It's time for oil and gas to embrace the cost benefits of non-intrusive inspection
26 Jun 2018
Oil and gas operators are missing a prime opportunity to save on downtime inspection costs yet still do the job properly, says ABB’s Troy Stewart.
By not embracing non-intrusive inspection (NII) for their pressure vessels, oil and gas operators in the UK continental shelf (UKCS) are leaving some £242 million per year on the table: £101 million in deferred revenue and lost production along with £141 million from inspection cost savings
Historically, UKCS operators have undertaken their statutory obligations to examine pressure vessels through internal visual inspections. Vessel shutdowns incur high costs through lost production as well as inspection and reinstatement expenses – not to mention safety considerations.
However, while there is a statutory requirement to periodically check pressure vessels for possible degradation which might interfere with safe and reliable performance, current legislation does not specifically require entry into the vessels to carry out the examinations.
All that is needed is for the chosen method to be proven at least as effective as an intrusive inspection. Fundamental to this is to identify what the damage mechanisms are, where they occur and their expected progression rates.
Analysis suggests that, in up to 80% of cases, advances in NDT make it possible to do these inspections without taking vessels out of service
Risk-based inspection techniques, already adopted by most UKCS operators, provide an effective means of doing this. Once identified, assessments can be made to see if it is possible to detect all these mechanisms externally using non-destructive-testing (NDT) technology.
Last year, with the Oil and Gas Technology Centre (OGTC), we conducted research into NII’s applicability within the UKCS. The analysis suggests that, in up to 80% of cases, advances in NDT, particularly ultrasonic techniques, make it possible to do these inspections without taking vessels out of service.
Known as non-intrusive inspection (NII), this approach is commonly used in mainland UK process industries where it has provided significant financial benefits without compromising safety. NII allows pressure vessels to be inspected with the equipment online and avoids entry into confined spaces to perform the investigation.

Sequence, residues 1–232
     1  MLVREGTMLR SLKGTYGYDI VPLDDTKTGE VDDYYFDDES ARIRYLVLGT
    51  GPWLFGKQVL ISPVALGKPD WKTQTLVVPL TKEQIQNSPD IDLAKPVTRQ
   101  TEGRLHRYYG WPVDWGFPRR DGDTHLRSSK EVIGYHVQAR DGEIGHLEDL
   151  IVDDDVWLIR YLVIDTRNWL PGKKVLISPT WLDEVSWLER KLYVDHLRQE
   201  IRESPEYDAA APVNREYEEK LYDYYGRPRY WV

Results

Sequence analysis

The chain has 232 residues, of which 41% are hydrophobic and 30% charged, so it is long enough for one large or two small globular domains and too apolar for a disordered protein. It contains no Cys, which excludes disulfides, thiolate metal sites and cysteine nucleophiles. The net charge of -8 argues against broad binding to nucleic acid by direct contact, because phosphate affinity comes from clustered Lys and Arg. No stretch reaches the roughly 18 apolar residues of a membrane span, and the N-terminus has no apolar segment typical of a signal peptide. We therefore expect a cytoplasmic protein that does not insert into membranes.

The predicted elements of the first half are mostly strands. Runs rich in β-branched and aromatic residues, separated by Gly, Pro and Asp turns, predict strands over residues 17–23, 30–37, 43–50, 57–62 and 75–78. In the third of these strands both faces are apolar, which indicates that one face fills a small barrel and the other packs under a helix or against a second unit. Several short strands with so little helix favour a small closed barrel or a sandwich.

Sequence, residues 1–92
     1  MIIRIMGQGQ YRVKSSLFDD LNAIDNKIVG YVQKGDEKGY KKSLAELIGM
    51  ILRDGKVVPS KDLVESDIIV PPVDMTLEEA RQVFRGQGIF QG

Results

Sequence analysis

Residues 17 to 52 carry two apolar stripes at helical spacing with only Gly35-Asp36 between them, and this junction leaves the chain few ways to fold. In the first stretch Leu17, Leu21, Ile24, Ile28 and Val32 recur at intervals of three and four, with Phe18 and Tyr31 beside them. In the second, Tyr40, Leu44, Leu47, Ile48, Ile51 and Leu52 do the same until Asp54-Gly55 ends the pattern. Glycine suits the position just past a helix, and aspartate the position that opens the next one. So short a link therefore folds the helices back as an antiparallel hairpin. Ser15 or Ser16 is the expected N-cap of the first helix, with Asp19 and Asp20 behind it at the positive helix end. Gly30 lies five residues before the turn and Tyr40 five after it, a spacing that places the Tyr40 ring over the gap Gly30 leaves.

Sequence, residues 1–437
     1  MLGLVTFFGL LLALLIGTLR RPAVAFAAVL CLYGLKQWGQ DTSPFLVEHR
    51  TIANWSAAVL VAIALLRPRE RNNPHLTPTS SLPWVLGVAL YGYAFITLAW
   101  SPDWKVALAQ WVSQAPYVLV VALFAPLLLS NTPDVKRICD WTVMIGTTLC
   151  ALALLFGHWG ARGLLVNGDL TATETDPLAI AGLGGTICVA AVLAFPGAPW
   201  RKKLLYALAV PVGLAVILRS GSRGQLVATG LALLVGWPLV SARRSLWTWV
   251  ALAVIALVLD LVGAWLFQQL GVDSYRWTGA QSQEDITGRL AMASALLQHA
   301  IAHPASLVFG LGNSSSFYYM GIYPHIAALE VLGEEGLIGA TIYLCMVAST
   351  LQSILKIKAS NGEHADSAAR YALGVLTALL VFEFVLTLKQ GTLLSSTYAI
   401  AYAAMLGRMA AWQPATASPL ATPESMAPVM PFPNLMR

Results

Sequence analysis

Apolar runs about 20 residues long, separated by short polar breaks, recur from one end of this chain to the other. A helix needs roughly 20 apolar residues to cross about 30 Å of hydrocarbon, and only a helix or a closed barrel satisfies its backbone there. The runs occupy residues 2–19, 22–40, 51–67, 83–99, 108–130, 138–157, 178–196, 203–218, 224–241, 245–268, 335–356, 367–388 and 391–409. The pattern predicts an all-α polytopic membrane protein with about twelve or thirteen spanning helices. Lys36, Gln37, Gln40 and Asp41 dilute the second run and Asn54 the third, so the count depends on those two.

In addition, through our research, we estimate that NII can reduce turnaround (TAR) durations by seven days, by reducing the amount of intrusive work during the event, allowing it where possible to be completed at other times when the asset is online.
If vessels are inspected every five years, this translates into an average production increase of 0.38% per year across the sector as whole. With average oil prices of US$55 per barrel, the 2017 average price of Brent Crude, and UKCS 2016 volume of 630 barrels of oil equivalent, this equates to an annual reduction in deferred or lost production of £101 million.
Conducting NII shortly prior to a TAR is also a useful way of scoping out what repairs may be required and thus assists in efficient planning for such repairs during the shutdown if required.
In addition to the financial benefits of greater plant uptime, potentially hazardous labour access issues are avoided and inspection cost savings are significant. In a typical medium-sized vessel the cost of an NII inspection is around £192,000 less than an intrusive one.
Assuming 919 inspections per year, 80% of which are suitable for NII, this equates to further industry-wide savings of £141 million. Adding this to the production-related savings, this represents some £242 million in savings that operators are passing up by not pursuing NII opportunities more aggressively.
In today’s new normal of ‘lower for longer’ oil prices, can the industry really afford to ignore this opportunity?
Troy Stewart is Head of Oil, Gas and Chemicals Service, UK at ABB